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Film of the day


Kaan Müjdeci Turkey, 2014

Kaan Müjdeci documents the shared destinies of a child and a fighting dog who have to be angry and tough to survive in this Venice award-winning debut. By mirroring the patriarchy of Anatolian culture through a coming-of-age story, Müjdeci offers an unsettling confrontation for Turkish cinema.

New Brazilian Cinema
New Brazilian Cinema


Tinto Brass Italy, 1967

Tinto Brass’s Deadly
Attractions and Sinful Desires

Before Tinto Brass was famed for his for softcore erotica, he made a Swinging London giallo starring Candy’s Ewa Aulin & Jean-Louis Trintignant! This kaleidoscopic joyride of split screens, soft rock and the Pop visuals of cartoonist Guido Crepax seductively melds the underground and underworld.


Tinto Brass Italy, 1976

Depraved. Decadent. Damned. Another progenitor of the cult 1970s Italian Nazisploitation genre (alongside Liliana Cavani’s The Night Porter) Tinto Brass’s Salon Kitty is a true story transformed into outrageously transgressive erotica. Featuring the legend of European cinema, Helmut Berger.


Vittorio De Sica Italy, 1970

Sophia Loren and Marcello Mastroianni were a dream couple for comedy hits in the 60s, but with their director, the legendary Vittorio De Sica, they were equally skilled at drama. Just witness this grand historical romance, full of visuals and carried along on a swooning Mancini score!


Kun-ho Chen Taiwan, 1983

Edward Yang, Hou
Hsiao-hsien, and New Taiwanese Cinema

A nostalgic coming-of-age tale, this crucial film of the New Taiwanese Cinema was the first to bring the movement to the commercial forefront. Co-written by Hou Hsiao-hsien, the film explores prominent social issues surrounding Taiwanese identity as its story of juvenile delinquency unfolds.


Hou Hsiao-hsien Taiwan, 1986

Hou Hsiao-hsien closes his triumphant coming-of-age trilogy with the underrated Dust in the Wind, a sublime story of first love set in ’70s Taiwan. With increasing formal precision, Hou masterfully explores the tension between tradition and transition, rural life and an urbanized Taipei.


Maria Saakyan Russia, 2006


The first Armenian feature directed by a woman, Maria Saakyan’s bold debut is a mesmerizing journey weaving village life and reveries into a swirling vision reminiscent of Tarkovsky. Saakyan’s life was tragically cut short, but this new restoration beautifully showcases her extraordinary vision.


Jean Renoir France, 1962

Double Bill: Renoir,
Beginnings and Endings

The penultimate feature from Renoir, which he considered to be his saddest film, is a darkly humorous WW2 tale, co-written by Guy Lefrance, who brought his experiences in a German POW camp to the page. A quasi-sequel to Grand Illusion, Jean-Pierre Cassel stars in this beautiful and humanist story.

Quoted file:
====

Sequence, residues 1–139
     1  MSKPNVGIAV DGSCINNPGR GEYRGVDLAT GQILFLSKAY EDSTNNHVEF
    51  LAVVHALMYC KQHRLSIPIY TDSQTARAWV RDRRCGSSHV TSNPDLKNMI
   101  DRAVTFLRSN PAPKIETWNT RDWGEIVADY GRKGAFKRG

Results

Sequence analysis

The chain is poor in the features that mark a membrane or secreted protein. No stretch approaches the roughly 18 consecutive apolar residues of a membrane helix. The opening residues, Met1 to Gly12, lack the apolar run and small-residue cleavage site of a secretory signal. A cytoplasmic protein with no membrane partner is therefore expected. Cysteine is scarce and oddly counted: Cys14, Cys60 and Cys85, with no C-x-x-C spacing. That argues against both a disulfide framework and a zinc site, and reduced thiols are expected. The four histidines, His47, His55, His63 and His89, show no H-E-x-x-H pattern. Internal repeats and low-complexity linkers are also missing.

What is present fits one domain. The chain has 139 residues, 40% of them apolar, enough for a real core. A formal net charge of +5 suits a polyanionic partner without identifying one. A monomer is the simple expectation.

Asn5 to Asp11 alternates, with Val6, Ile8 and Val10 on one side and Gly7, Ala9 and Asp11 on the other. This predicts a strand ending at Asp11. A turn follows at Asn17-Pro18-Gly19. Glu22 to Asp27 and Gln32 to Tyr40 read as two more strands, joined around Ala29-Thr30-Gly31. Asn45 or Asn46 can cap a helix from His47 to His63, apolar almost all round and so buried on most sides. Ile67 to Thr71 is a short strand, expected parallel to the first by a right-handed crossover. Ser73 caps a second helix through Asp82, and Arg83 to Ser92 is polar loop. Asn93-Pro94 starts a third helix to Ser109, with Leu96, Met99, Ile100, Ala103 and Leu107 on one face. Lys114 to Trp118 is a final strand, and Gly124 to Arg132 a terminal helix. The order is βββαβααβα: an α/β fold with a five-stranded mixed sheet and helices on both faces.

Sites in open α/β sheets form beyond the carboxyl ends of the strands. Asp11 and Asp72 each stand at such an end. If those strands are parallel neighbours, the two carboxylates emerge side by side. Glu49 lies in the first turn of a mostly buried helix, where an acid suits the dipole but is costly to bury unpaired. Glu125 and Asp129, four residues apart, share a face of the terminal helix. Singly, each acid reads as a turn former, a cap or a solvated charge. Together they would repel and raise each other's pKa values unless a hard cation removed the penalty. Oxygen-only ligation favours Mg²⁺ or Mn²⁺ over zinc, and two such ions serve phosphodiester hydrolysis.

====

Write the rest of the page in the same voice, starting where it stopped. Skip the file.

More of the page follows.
Jean Renoir France, 1926

Jean Renoir’s second film is a splendid adaptation of Zola’s novel, starring his then-partner, Catherine Hessling, in the eccentric titular role. Influenced by Von Stroheim and German Expressionism, Nana is an ambitious and detailed silent drama, blending a somber mood with frequent visual comedy.


Marcell Iványi Hungary, 1996

One film, one incredible shot. Marcell Iványi won the Palme d’Or for this short that shows the emotional and conceptual power of a moving camera. It opens with a mystery, and as the camera turns, tension builds, expanding to an epic scope and culminating in a finale that takes your breath away.


Kleber Mendonça Filho Brazil, 2016

The bold second feature by Kleber Mendonça Filho (Bacurau) is a modern melodrama of fierce feminine resistance. In a tremendous, powerful performance, the great Sonia Braga stars as a woman who refuses to back down in the face of a changing Brazilian society. An engrossing, brilliantly told film.


Hou Hsiao-hsien, Tseng Chuang-hsiang, Wan Jen Taiwan, 1983

Based on texts by nativist writer Huang Chun-ming, this omnibus shaped the united political voice of the New Taiwanese Cinema’s early stages. With Taiwan’s self-identity crisis at the forefront of all three parts, the film is titled after vital filmmaker Hou Hsiao-hsien’s delicate segment.


Hou Hsiao-hsien Taiwan, 1985

Semi-autobiographical and spanning two decades, this early masterpiece from Hou Hsiao-hsien perfectly combines the historical drama and the coming-of-age story. A superb family saga, the film was an early international success for the filmmaker, winning the FIPRESCI prize at the 1986 Berlinale.


Tommy Haines, Andrew Sherburne United States, 2017

The Unusual Subjects

A delicate portrait of a rare film collection and the man who has dedicated his life to preserving it, this delightful documentary is a must-see for film lovers. Saving Brinton also wonderfully showcases some of those movies (including ones by Georges Méliès!) and the community that they unite.


Marguerite Duras France, 1979

Hypnotic Incantations:
A Marguerite Duras Focus

Marguerite Duras further subverts and reimagines cinematic form with her fervid letter to anonymous love and desire. A film is in the making while another unravels: two voices (Duras and Benoît Jacquot), lost in contemporary solitude, resonate while a camera wanders the empty streets of Paris.